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BMJ Case Rep. 2010; 2010: bcr0420102924.
Published online Jul 26, 2010. doi:  10.1136/bcr.04.2010.2924
PMCID: PMC3027925
Unusual presentation of more common disease/injury
Passage of intestinal (small bowel) cast – an unusual complication of neutropenic sepsis
A Samee,1 R M Kirby,2 and A M Brunt3
1Surgical Directorate, Princess Royal Hospital, Telford, UK
2Department of Surgery, University Hospital of North Staffordshire, Stoke On Trent, UK
3Department of Oncology, University Hospital of North Staffordshire, Stoke On Trent, UK
Correspondence to A Samee, abdussamee2003/at/yahoo.co.uk
Abstract
A 52-year-old woman was admitted with neutropenic sepsis, 3 days following the final cycle of adjuvant chemotherapy for breast cancer. Her condition deteriorated with progressive abdominal distension, bilious vomiting and diarrhoea. Abdominal examination revealed a mild degree of peritonism. Five days later she passed a small bowel cast per rectum, showing gross fungal contamination on histology. She was managed conservatively with antibiotics and antifungal medications and nutritional support.
Background
The spontaneous passage per rectum of a partial thickness ‘small bowel cast’ is an extremely rare occurrence. Cases of passage of colonic cast following chemotherapy or major abdominal surgery have been reported. We report a patient who spontaneously passed a long, partially thick, small bowel cast and use it to illustrate this rare side-effect. Also, we are reporting the case to advocate the consideration of conservative management.
A 52-year-old woman was admitted as an emergency case, with fever and dizziness 3 days following her last cycle of chemotherapy consisting of cyclophosphamide, methotrexate and 5-fluorouracil. Her past medical history included asthma and ulcerative colitis which was in remission. The ulcerative colitis had been diagnosed in her 20s, and she took sulphasalazine and methylcellulose during treament. She had been treated for a ductal carcinoma of the breast (T2 N1 M0) by mastectomy and axillary clearance. Postoperatively, during the adjuvant chemotherapy, she had presented on previous occasions with neutropenic sepsis requiring fluid rehydration, granulocyte-colony-stimulating factor (G-CSF, Neupogen) and antibiotics. The last episode happened after penultimate cycle of chemotherapy. Diarrhoea was a feature of the whole chemotherapy period, but it was managed with simple medication without any need to be considered for admission.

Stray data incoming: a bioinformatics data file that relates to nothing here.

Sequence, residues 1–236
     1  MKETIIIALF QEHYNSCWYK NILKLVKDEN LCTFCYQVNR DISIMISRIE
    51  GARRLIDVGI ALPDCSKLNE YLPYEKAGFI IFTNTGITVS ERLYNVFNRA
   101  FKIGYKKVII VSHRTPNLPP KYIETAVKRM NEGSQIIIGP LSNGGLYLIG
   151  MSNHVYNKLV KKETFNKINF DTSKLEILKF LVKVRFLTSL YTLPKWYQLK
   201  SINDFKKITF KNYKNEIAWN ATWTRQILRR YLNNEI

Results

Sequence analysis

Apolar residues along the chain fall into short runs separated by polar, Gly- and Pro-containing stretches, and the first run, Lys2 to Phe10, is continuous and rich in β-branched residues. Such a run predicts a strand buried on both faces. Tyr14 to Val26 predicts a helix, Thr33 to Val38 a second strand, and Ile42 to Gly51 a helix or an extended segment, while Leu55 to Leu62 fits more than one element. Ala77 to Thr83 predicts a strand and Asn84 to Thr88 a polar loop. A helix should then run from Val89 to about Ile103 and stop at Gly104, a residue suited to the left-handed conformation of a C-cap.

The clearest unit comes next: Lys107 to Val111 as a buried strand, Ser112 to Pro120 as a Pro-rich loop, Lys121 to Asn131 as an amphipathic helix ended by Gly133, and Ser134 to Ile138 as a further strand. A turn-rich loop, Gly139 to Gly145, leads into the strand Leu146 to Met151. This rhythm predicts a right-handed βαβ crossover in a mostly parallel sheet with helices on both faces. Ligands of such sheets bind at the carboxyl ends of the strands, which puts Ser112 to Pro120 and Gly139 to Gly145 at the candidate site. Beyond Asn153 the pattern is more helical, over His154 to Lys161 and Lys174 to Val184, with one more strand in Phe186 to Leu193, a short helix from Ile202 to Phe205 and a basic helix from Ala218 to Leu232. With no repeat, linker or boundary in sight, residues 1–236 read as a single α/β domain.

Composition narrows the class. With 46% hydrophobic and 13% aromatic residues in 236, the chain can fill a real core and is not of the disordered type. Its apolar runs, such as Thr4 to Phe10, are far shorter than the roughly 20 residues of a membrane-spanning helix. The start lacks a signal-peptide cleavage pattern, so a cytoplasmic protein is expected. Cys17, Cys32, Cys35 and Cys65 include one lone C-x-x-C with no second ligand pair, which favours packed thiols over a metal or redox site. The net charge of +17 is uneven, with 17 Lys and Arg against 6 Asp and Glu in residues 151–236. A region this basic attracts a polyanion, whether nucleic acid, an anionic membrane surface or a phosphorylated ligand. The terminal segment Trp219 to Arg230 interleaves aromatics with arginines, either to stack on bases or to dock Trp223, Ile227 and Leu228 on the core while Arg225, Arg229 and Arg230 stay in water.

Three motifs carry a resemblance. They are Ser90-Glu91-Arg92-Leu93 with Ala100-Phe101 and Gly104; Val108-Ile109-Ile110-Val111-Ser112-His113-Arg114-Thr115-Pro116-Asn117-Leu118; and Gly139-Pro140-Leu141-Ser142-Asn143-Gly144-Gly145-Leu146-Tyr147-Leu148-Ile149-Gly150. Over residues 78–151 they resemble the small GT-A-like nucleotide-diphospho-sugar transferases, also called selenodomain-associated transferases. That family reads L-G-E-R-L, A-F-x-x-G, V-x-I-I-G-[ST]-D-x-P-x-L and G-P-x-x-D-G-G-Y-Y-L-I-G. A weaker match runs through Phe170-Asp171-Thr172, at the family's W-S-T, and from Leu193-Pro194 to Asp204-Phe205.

On examination, the patient was febrile, tachycardic, hypotensive and clinically dehydrated. Systemic examination was unremarkable. Blood picture showed haemoglobin of 11.4 g/dl, white cell count 0.3×109/l, neutrophil count 0.11×109/l, platelets 120×109/l and normal renal functions. C-reactive protein (CRP) was 27. A working diagnosis of neutropenic sepsis following chemotherapy was made. Intravenous fluid support, antibiotics and G-CSF were administered as supportive treatment.
Two days later the patient developed cramping abdominal pains, bilious vomiting and diarrhoea. Abdominal examination showed a distended abdomen with minimal tenderness on deep palpation. Blood picture continued to show leucopenia with normal urea and electrolytes. The CRP had risen to 327. Plain abdominal x-ray showed multiple, small-bowel loops with features suggestive of ‘ileus’ (figure 1). The conservative management was continued with oral fluid restriction. A surgical opinion advised close monitoring of her condition.
Figure 1
Figure 1
Plain abdominal film showing prominent small-bowel loops.
Five days after admission, the patient passed a long cast of approximately 135 cm (figure 2). Physical examination showed it to be a complete luminal cord like structure resembling an intestinal cast (figure 3). A CT scan of abdomen showed diffuse small-bowel thickening with a normal-looking large bowel. Histology of the specimen showed it to be a small intestinal cast, having undergone extensive coagulative necrosis (figure 4). Microbiological examination of the cast revealed florid growth of fungal infection (figure 5).
Figure 2
Figure 2
(A&B) Passage of intestinal cast, following chemotherapy.
Figure 3
Figure 3